Old driving school car 1947

My dad only needed 10 driving lessons!

Well done Dad!

It’s certainly true that thirty – or even twenty – years ago most drivers only took 10 or 15 hours to get them through their test.

But the average number of hours it takes learners to become ‘test ready’ nowadays is, according to the DVSA, 47 hours PLUS 20 hours of private practice. A total of 67 hours altogether. So if your lessons cost £25 per hour you’ll spend over £1000 to get your driving licence where as dad only spent about £100 – driving lessons only cost about £10 then. The good old days!

But why does it take so much longer to pass a test in 2018 than it did in 1978?

It’s quite simple:

    • The test is now 40 minutes, not 25 which is how long it was in the late 70’s;
    • Until 1999 test candidates were allowed to make unlimited ‘driver faults’, and they can now only make 15;
    • The test also involves more manoeuvres. Ask anyone who learnt to drive more than 15 years ago if they can reverse park to test standard, and few would be able to answer with an honest ‘yes’;
    • The test has become progressively stricter, in order to push up driving standards and reduce accidents on the road;
    • The traffic on the roads has increased hugely. At the end of 2016 there were 37.3 million vehicles licensed for use on the roads in Great Britain, of which 30.9 million were cars. And every year an extra 690,000 cars hit the road.1

Hopefully this explains things, but if you are still wondering then ask your superstar dad:

  • Did he get a lot of private practice? This helps a lot, but due to insurance considerations many people think they can no longer afford to do this. But you can get cheap learner driver insurance if you know where to look!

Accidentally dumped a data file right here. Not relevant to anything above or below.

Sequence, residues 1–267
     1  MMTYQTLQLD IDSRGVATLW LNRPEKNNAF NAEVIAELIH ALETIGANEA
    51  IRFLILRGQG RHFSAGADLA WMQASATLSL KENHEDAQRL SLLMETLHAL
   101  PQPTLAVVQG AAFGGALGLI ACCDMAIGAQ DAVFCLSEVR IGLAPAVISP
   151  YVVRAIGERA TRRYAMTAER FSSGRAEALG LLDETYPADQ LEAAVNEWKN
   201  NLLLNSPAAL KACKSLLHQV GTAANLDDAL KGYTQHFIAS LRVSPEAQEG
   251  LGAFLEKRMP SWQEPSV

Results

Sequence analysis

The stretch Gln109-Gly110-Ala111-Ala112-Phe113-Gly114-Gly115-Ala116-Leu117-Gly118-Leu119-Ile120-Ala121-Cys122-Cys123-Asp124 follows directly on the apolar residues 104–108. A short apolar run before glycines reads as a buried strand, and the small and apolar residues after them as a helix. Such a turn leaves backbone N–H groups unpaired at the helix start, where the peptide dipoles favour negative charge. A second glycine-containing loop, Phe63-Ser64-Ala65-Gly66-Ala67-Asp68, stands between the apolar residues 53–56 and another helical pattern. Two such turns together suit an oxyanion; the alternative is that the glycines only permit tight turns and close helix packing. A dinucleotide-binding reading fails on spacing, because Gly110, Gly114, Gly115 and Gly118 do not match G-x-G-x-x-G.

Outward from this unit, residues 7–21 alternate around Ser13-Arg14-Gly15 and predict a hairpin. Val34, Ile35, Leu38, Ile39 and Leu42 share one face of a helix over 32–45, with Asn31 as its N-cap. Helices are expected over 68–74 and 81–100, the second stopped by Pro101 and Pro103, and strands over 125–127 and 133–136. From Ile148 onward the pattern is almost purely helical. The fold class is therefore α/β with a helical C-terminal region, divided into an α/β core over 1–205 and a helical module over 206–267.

• Did he have a moped? This can teach road craft, and provide experience which transfers to car driving and reduces the need for time to build this experience up during lessons;
  • Could he pass the test today? And if the answer is ‘no’, then why not? He should be able to – the driving test is the minimum standard expected of today’s drivers.

So next time someone says to you ‘I only took 10 lessons to pass’ just remember that there are lots of good reasons why it only took ten lessons in the ‘good old days’!

Top 10 driving test facts

The driving test’s been going for 80 years. Here are the top 10 driving test facts:

  1. Mr Beere was the first person to pass the driving test in 1935: he paid the grand total of 7/ 6d (37.5p) to take the test.
  2. There were no test centres in 1935 so you had to arrange to meet the examiner somewhere like a post office, train station or town hall.
  3. The test was suspended for the duration of World War 2 and didn’t resume until 1 November 1946.
  4. In 1975, candidates no longer had to demonstrate hand signals.
  5. The theory test was introduced in 1996, replacing questions about The Highway Code during the practical test.
  6. Driving was much more hazardous 80 years ago – 7,343 people were killed on Great Britain’s roads when only 2.4 million vehicles were in use – in 2008, 2,538 people were killed with 26.5 million vehicles on the road.
  7. Candidates could book their theory test online for the first time in December 2001.
  8. The pass rate in 1935 was 63% compared to 46% in 2009 .
  9. 1969 saw the first driving test set for an automatic vehicle.
  10. Since 1935 more than 46 million tests have been taken.2

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References

  1.  DVSA, Vehicle Licensing Statistics, 2016, p.2
  2. DVSA, History of Road Safety, retrieved Oct 26th 2018.